Social studies connections with Native American background and history.

Environmental science connections with current and past bison issues.


NATIVE AMERICAN LEGENDSnative american icon

Native American Totems & Their Meanings


A totem can be the symbol of a tribe, clan, family or individual. Native American tradition provides that each individual is connected with nine different animals that will accompany each person through life, acting as guides. Different animal guides come in and out of our lives depending on the direction that we are headed and the tasks that need to be completed along our journey.


Native beliefs further explain that a totem animal is one that is with you for life, both in the physical and spiritual world. Though people may identify with different animal guides throughout their lifetimes, it is this one totem animal that acts as the main guardian spirit.


With this one animal a connection is shared, either through interest in the animal, characteristics, dreams, or other interaction.

This Animal Guide offers power and wisdom to the individual when they "communicate” with it, conveying their respect and trust. This does not necessarily mean that you actually pet or spend time with this animal, more that you are open to learning its lessons.


totem pole at pioneer square in seattle washington

Totem Pole at Pioneer Square in Seattle,

Washington , vintage postcard.

For some, knowing what is their totem animal is almost an innate process. It’s as if they’ve always known, inexplicably drawn to the animal or having a special feeling for the animal’s energy. For others, they wonder how to tell what their animal totem is.

Here are some questions to ask yourself if you’re wondering what your animal totem is:

  • Have you ever felt drawn to one animal or another without being able to explain why? This could be animal, including birds and insects.

  • Does a certain kind of animal consistently appear in your life? This doesn’t necessarily have to be a physical appearance, it could be represented in other ways such as receiving card and letters with the same animal pictured over and over, unexplainable dreams of a particular animal, watching television and seeing the same animal featured time and time again, or, actually having the animal show up.

  • When you go to the zoo, a park, wildlife area, or forest, what are you most interested in seeing?

  • Are there any animals that you find to be extremely frightening or intriguing?

  • Is there a particular animal that you see frequently when you’re out in nature?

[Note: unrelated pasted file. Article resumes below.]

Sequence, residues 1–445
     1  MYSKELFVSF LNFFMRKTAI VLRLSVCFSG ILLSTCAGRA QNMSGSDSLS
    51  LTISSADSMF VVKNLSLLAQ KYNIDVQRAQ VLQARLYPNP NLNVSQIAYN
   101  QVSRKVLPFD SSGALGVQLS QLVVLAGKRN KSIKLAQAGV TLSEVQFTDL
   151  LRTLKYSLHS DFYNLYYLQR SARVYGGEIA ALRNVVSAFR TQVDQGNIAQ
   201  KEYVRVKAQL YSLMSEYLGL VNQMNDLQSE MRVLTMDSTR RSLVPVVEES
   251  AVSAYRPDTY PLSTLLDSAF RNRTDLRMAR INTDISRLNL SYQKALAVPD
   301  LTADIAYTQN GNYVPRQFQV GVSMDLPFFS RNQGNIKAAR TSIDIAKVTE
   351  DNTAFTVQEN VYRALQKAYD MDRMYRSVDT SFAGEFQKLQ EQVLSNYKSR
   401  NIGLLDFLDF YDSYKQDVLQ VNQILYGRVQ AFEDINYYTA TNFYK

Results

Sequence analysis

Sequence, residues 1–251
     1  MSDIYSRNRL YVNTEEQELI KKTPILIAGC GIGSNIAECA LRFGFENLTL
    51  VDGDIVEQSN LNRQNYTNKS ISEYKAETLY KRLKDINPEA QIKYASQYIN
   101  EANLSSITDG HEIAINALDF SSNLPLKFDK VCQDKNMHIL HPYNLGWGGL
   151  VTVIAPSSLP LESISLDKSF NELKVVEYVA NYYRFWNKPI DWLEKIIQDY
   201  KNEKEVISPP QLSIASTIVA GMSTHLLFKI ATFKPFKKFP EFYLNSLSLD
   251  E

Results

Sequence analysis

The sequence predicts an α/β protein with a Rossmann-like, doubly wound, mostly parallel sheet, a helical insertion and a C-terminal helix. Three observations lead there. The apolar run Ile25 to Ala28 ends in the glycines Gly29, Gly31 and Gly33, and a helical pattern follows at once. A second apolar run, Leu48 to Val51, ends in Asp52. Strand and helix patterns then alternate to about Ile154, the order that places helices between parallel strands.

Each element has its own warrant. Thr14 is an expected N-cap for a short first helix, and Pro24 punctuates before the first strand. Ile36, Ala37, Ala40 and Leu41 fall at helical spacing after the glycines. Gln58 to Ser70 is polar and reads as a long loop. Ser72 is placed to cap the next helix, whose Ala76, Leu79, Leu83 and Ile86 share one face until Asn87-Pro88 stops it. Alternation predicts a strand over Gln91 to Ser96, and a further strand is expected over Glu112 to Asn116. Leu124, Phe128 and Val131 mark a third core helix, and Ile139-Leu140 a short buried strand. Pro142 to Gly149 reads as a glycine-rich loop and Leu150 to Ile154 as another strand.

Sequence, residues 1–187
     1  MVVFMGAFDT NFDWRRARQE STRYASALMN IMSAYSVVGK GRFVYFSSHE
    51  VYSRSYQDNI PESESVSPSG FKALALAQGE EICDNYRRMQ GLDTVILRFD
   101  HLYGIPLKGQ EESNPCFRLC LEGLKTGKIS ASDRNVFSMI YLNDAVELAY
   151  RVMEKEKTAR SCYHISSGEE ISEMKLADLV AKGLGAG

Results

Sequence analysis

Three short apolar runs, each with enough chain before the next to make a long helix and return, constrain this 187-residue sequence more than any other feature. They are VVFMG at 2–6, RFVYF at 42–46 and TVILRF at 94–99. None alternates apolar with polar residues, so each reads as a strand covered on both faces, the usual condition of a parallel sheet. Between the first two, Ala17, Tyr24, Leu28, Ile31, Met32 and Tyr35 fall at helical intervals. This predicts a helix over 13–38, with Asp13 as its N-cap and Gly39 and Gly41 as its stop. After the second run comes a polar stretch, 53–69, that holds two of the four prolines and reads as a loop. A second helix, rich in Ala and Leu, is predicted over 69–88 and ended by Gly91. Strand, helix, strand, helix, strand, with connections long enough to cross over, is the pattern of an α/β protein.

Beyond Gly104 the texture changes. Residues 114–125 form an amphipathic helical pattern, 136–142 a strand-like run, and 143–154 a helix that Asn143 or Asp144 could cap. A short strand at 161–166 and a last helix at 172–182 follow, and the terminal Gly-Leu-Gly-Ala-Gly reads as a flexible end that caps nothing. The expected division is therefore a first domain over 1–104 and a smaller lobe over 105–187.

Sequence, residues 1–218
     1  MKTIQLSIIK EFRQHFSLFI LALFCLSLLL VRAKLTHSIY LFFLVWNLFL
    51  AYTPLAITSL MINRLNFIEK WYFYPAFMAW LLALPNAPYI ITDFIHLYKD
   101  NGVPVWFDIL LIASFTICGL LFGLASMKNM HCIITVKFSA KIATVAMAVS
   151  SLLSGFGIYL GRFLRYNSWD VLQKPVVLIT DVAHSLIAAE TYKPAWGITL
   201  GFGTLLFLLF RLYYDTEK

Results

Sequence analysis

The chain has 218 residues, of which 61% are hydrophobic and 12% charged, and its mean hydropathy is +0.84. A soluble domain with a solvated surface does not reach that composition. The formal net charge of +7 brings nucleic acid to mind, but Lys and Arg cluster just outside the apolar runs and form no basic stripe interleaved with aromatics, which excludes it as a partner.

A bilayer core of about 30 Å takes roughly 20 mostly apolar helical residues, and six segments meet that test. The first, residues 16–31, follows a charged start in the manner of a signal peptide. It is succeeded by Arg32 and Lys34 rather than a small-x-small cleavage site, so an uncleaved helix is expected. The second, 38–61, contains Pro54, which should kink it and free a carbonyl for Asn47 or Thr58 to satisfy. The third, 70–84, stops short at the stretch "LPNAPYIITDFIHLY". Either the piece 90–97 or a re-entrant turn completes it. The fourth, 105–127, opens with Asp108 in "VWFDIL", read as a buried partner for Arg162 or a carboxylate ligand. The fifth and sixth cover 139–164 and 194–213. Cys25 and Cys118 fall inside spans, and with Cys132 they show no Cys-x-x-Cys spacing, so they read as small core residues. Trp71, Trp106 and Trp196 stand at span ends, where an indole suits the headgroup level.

• Have you ever been bitten or attacked by an animal?

  • Have you ever had a recurring dream about a certain animal, or a dream from childhood that you have never been able to forget?

  • Are you drawn to figurines or paintings of a specific animal?

The totem itself is a symbol that represents this animal.  This could be any number of items - a crest, a totem pole, an emblem, a small figurine or anything else that depicts your animal guide.



Note:  Native American totems did not include all of the animals listed below, as many of these creatures did not existed in North America. However; the concept of "totems," by whatever name they were called, have been known throughout the world since the earliest days of Greek Mythology. Though the unicorn is generally accepted as a centuries old mythical creature of Europeans, pictures of this fabled animal have been found in Native American tapestries and pictographs



Animal Characteristics & Meaning


Maternal, revenge oriented, quickness, aggression, and basic survival instincts.


Group minded, determination, patient, active, and industrious


Lethargy, curiosity, nosiness.


Active, agile, jumpiness, and willing to sacrifice


Safety oriented, grounded, and has boundaries


Courage, aggressive, healer, having problems relating to others, and energy conduit


Rebirth, longevity, secrecy, initiation, good listener, and long life


Industrious, instinctive, healing, power, sovereignty, guardian of the world, watcher, courage, will power, self-preservation, introspection, and great strength.


Determined, strong-willed, builder, overseer, and protector


Organized, industrial, productive, wise, community, celebration, fertility, defensiveness, obsessive nature, and enjoys life


A very powerful totem - prosperity, spiritual strength, organized, self-reliant, fearless.


Sacredness, life, great strength, abundance, gratitude.


Insight into the past, fertility, rushing into things without proper preparation.


Metamorphosis, transformation, balnace, grace, ability to accept change


Survival, positive, accomplishments


Traveler, mobility, preference to be nomadic, adaptability to adversity


Guardianship, detachment, sensuality, mystery, magic, and independence


Swiftness, insight, focus


Leadership, loyalty, courage, taking responsibility, foresight


Swift, insightful, and focused


Trickster, intelligence, stealth, wisdom and folley, guile and innocence


Swift and decisive


Good luck, protection and success


Solitude, justice, longevity, independent, intelligent, and vigilant


Ensuring your emotions are displayed accurately/appropriately


Justice, shape shifting, change, creativity, spiritual strength, energy, community sharing, and balance


Compassion, peace, intellectual, gentle, caring, kind, subtlety, gracefulness, femininity, gentleness, innocence, and seller of adventure


Noble, faithful, loyal, teaching, protection, and guidance